Operational Definition: For the purpose of this study, screening involves a health history which identifies the risk factors such as a previous history of STD, having multiple sex partners, having sex with new partner, the use of non-barrier types of contraception, or having cervical ectopy.

Prevention

Theoretical Definition: prevention is the keeping of something (such as an illness or injury) from happening (Miller-Keane, 1997).

Operational Definition: For the purpose of this study, prevention is the absence of chlamydia which will be indicated by a negative result diagnosed by a physician through a urine-based PCR testing for chlamydia infection.

Sexually active

Theoretical Definition: Sexually active means involvement or participation in a sexual act, being involved, and an active participant.

Operational Definition: For the purpose of this study, sexually active females will refer to those who arranged a visit for pregnancy, STD diagnosis, screening, contraception, or treatment.

Theoretical Framework

The appropriate framework selected for this proposal is Nola Pender’s health promotion model (HPM). The HPM, originally developed in the early 1980s, is a framework that serves as “a guide for exploration of the complex biopsychosocial processes that motivate individuals to engage in health behaviors directed toward the enhancement of health” (Pender, 1996, p. 51). The HPM is widely represented in the nursing literature and is the framework that underpins over 100 research studies.

Pender's HPM is a valuable tool for the identification of motivators and barriers toward individuals’ active involvement in activities that promote health (Pender, 1996). Pender proposed in the HPM that there are generally three areas which influence the adoption of health-promoting behavior: “cognitive, perceptual, modifying factors and cues to actions” (Pender, 1996, p. 53). Pender focuses on initiative from the individual to strive for wellness and positive health and views the benefits of such self-directing behaviors to include vitality and even self-actualization.

Pender measures an individual’s “perceived control of health” by his or her ability to control behaviors that are necessary to promote changes in overall health and well-being. Pender views health promotion as active rather than passive. The person must perceived that he or she wields total control of his health. Hopefully, this perception will lead to a more frequent and consistent application of health-promoting behaviors. The understanding of health promoting behaviors in adolescents may not simply be an application of existing knowledge related to health promotion in adults (Srof, 2006). Rather the development of independence and the associated tasks of teen development contribute to unique body of knowledge of health promotion in teens (Srof, 2006).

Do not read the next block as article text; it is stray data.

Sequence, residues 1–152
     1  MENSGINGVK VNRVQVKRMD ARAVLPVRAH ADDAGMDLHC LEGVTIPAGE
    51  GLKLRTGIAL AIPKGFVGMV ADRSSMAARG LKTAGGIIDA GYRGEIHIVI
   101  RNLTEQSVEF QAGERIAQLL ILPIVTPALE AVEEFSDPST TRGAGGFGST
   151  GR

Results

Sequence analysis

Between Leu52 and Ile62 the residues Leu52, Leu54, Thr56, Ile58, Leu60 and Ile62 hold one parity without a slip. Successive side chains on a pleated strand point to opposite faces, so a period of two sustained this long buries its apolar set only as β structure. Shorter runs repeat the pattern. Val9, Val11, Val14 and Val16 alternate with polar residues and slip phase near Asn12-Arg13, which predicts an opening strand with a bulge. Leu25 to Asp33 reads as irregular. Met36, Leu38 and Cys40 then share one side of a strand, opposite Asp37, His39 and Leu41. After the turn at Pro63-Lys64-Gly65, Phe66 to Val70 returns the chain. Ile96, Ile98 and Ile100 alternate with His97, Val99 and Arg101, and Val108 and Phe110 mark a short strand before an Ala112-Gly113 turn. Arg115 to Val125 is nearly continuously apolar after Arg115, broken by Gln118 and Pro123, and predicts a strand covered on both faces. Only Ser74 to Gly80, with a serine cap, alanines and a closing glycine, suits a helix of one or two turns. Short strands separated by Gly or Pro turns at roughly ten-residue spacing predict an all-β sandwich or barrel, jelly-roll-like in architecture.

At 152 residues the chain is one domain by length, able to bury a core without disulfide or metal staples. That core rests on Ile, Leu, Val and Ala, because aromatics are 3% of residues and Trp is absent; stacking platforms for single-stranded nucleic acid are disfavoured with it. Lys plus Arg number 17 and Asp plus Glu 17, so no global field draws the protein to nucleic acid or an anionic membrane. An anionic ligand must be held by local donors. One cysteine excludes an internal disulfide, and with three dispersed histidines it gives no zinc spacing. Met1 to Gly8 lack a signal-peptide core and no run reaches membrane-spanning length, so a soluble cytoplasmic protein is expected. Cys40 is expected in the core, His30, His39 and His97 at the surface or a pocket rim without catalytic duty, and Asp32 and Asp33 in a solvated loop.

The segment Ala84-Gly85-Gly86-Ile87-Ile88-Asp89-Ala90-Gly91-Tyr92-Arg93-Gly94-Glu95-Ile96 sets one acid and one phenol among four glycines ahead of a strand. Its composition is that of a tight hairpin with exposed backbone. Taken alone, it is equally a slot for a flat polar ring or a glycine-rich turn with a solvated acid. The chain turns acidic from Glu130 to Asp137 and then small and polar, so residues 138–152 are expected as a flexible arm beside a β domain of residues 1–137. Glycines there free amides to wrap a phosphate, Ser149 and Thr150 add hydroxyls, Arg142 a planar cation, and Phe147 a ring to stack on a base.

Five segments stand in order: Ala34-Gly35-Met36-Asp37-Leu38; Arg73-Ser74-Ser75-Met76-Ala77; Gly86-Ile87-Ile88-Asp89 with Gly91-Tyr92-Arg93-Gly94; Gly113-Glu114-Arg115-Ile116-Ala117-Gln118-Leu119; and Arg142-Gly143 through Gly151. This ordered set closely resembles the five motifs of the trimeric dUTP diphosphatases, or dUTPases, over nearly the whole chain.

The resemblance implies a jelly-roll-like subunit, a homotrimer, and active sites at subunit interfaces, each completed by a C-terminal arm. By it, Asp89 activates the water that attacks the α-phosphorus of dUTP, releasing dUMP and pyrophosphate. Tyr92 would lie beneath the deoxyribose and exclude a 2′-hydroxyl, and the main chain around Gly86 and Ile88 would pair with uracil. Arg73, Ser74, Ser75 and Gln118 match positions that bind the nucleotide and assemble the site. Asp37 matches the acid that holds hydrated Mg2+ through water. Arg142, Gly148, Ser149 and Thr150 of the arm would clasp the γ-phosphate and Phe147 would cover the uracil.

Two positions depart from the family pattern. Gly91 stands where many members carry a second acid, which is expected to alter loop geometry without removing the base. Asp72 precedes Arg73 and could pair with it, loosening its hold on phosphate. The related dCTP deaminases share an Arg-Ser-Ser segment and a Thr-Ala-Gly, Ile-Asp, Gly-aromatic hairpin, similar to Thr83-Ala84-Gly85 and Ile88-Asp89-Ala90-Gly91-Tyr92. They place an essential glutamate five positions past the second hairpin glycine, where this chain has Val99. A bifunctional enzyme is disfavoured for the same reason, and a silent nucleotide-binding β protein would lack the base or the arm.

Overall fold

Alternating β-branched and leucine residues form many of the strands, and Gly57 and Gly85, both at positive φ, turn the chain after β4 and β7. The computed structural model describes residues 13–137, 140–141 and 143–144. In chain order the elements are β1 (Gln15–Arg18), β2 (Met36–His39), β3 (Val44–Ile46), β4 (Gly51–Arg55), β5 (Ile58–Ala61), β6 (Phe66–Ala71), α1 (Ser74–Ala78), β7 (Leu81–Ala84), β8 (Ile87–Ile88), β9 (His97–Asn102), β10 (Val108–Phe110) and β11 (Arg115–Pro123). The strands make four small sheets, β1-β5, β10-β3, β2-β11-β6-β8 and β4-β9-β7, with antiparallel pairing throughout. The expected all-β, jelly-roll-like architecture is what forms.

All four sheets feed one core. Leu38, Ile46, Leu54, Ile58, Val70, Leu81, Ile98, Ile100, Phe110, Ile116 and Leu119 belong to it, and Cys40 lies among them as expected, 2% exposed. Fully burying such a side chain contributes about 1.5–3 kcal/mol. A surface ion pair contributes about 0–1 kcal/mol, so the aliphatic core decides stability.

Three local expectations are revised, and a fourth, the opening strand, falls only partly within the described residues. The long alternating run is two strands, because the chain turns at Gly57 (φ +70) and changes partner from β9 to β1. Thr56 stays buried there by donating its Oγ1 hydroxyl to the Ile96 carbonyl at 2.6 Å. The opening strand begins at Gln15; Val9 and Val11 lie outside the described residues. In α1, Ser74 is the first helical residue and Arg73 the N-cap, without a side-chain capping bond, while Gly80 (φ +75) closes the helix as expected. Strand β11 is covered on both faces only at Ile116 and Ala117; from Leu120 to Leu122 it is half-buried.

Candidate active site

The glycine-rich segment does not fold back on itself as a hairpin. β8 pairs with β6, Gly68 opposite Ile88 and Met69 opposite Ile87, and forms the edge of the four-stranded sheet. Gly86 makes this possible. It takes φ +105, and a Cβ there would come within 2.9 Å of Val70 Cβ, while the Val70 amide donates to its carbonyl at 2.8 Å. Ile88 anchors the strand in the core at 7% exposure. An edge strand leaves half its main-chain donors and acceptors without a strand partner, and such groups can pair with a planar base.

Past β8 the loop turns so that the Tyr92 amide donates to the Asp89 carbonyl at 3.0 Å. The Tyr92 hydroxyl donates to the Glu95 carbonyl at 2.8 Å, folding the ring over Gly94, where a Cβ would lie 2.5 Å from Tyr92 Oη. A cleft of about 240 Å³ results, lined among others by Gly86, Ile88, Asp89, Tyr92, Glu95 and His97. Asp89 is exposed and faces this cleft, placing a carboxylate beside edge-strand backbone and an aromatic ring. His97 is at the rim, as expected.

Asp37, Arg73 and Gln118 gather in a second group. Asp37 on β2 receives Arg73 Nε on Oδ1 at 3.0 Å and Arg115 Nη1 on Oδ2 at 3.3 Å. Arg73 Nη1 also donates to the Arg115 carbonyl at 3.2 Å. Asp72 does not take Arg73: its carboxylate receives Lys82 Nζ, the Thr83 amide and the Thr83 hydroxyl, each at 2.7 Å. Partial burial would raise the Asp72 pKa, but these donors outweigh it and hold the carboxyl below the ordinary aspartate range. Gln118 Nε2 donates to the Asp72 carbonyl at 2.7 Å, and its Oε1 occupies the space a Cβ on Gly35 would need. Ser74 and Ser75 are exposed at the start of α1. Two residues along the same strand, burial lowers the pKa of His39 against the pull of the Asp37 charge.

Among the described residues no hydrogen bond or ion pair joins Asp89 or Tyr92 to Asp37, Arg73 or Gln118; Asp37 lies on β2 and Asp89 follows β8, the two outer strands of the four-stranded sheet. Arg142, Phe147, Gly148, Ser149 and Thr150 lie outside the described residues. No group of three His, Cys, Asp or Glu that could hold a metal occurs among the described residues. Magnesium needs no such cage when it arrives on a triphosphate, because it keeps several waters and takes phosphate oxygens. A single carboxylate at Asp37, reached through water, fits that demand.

Pender’s HPM provides a paradigm in an effort to come up with intervention programs to address health concerns such as chlamydia infection. Literature has revealed that there are several barriers to prevention efforts initiated by government agencies and not-for-profit organizations to curb the spread of Chlamydia infection among younger women (Alexander, 2006). The HPM model identifies seven perceptual and cognitive factors which could deter or enhance the likelihood of a person’s adoption of health behaviors. For adolescents, these factors could be perceived benefits of action, barriers to action, self-efficacy, and activity-related effects are related to interpersonal influences, such as family, peers, situational influences, options, and demands.

As I relate this model primarily to adolescents and their increased risk of chlamydia infection, the fact that adolescents do not take part in their own health promotion/disease prevention through the use of condoms to prevent the spread of STD infections demonstrates the need to address and identify each individual’s perception of chlamydia infections which could affect his or her quality of life in all developmental stages of life. This study will emphasize on modifying factors to include demographics, biological characteristics, interpersonal influences, situational factors, and behavioral factors that could affect a young woman’s chances of engaging in behaviors that promote health (Pender, 1996).

Significance of Study

This research proposal seeks to investigate the importance of screening as a mechanism to decrease the risk of chlamydia infections among sexually active females aged 13 to 25. It is important to screen and educate this population about potential risk factors and preventive measures such as the use of education, supportive resources, condoms and abstinence. Because the disease is primarily asymptomatic in females, it is important for nurses and other healthcare providers to identify and follow recommended screening and assessment of these individuals. A problem identified in the literature review is that there is some inconsistency in screening females for STDs due to varies reasons (Streben, 2004). The CDC (2010) has recommended screening of all sexually active females ages 13-25 annually, but it is questionable whether such screening is actually taking place. It is also doubtful how many females of this age group routinely see healthcare providers unless a problem has been identified.

This study would make a difference by drawing a relationship between screening and prevention and early detection of chlamydia in a high-risk population. In so doing, it contributes to the body of literature formed by government agencies, researchers, and non-profit health organizations that have initiated programs to reduce the prevalence of chlamydia in young women. Screening will also describe barriers and risk factors to infection such as multiple sex partners, STD history, or lack of use of protective barriers such as condom use. In the process, this study will highlight the significant role of healthcare providers in screening, educating, and detecting signs and symptoms of chlamydia infection and the importance of consistently performing sexual health history, assessment, and screenings to bring about a decrease in the incidence of this disease.